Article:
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Title: The Rites of Memory: Orwell, Pynchon, DeLillo, and the American Millennium
Authors: Carter, Steven
Keywords: MemoryAlteration of memoryMnemophobiaThe postmodern man
Issue Date: 1999
Publisher: EUT Edizioni Università di Trieste
Source: Steven Carter, "The Rites of Memory: Orwell, Pynchon, DeLillo, and the American Millennium", in: Prospero. Rivista di Letterature Straniere, Comparatistica e Studi Culturali, VI (1999), pp. 5-21
Series/Report no.: Prospero. Rivista di Letterature Straniere, Comparatistica e Studi Culturali
VI (1999)
Abstract: Memory, as one of the most important faculties of the soul, has always held a special place in the philosophy, religion and literature of the West. Without it, the human understanding cannot grow, since this growth is nurtured by the reflection and meditation on one’s own previous mistakes. In "Nineteen Eighty-Four", memory is a significant issue: George Orwell claims that the Western man suffers from mnemophobia, and that one of the ways Big Brother controls its subjects is through the alteration of memory. This happens by substituting personal recollection with altered, dysfunctional memories, and by making people unable to even understand the meaning of memory itself. "The Crying of Lot 49" and "White Noise" are satires about the importance and the place held by memory in the life of postmodern men. Thomas Pynchon creates a character, Oedipa Maas, who is 'meant to remember'; while Don DeLillo reflects on the timelessness of the shopping mall and a drug that is created to quash the fear of death but causes episodes of déjà vu as a side effect. The common thread in the three novels is how society tries to control, modify and eventually erase memories which are considered too dangerous or uncomfortable.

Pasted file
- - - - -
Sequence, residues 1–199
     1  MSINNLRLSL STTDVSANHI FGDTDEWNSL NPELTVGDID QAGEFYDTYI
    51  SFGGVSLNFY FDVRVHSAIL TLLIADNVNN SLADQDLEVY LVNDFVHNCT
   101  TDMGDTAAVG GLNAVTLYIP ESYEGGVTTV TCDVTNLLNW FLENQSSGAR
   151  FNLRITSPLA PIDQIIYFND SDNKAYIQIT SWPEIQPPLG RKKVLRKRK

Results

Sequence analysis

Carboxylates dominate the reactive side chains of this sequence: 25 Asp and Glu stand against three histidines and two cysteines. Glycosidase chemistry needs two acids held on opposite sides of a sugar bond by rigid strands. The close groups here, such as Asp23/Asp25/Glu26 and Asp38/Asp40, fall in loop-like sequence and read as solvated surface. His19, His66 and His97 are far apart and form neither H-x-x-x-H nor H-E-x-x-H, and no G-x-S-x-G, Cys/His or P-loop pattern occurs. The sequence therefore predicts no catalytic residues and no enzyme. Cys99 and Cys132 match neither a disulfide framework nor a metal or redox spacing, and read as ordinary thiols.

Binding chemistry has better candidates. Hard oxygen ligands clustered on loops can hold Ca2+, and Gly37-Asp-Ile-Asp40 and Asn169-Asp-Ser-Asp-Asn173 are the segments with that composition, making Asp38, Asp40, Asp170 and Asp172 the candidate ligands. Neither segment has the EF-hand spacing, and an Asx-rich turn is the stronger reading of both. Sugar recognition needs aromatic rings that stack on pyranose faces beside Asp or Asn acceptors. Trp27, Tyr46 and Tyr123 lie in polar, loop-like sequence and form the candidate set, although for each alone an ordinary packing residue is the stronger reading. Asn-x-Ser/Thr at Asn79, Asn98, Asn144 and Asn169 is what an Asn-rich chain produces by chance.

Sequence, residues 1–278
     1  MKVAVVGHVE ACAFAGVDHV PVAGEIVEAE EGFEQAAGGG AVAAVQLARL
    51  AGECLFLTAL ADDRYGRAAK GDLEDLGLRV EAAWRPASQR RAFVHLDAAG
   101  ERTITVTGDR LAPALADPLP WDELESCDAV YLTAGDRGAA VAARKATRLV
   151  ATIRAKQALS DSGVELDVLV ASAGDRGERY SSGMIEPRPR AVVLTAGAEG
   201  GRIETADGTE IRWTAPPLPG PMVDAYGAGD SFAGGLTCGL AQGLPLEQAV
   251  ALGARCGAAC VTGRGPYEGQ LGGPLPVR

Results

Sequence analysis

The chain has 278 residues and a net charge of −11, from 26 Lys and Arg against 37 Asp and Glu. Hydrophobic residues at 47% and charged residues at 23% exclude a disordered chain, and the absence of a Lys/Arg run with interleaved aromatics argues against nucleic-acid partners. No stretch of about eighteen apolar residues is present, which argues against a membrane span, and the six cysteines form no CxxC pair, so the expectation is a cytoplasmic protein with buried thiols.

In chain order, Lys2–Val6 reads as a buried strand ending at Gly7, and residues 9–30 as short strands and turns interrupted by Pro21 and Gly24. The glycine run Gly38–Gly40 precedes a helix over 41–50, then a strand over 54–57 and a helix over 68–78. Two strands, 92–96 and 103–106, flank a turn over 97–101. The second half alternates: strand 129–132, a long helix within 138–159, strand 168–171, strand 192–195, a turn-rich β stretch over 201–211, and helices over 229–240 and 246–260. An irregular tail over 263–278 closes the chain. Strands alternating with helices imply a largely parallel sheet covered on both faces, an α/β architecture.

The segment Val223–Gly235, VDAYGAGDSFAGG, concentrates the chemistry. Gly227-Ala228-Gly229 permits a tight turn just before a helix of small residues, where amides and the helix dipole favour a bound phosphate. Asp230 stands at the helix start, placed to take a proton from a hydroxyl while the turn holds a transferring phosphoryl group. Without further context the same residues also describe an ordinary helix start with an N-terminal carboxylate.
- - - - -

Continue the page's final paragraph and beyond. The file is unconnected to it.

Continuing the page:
ISSN: 1123-2684
Appears in Collections:1999 / 6 Prospero. Rivista di culture anglo-germaniche

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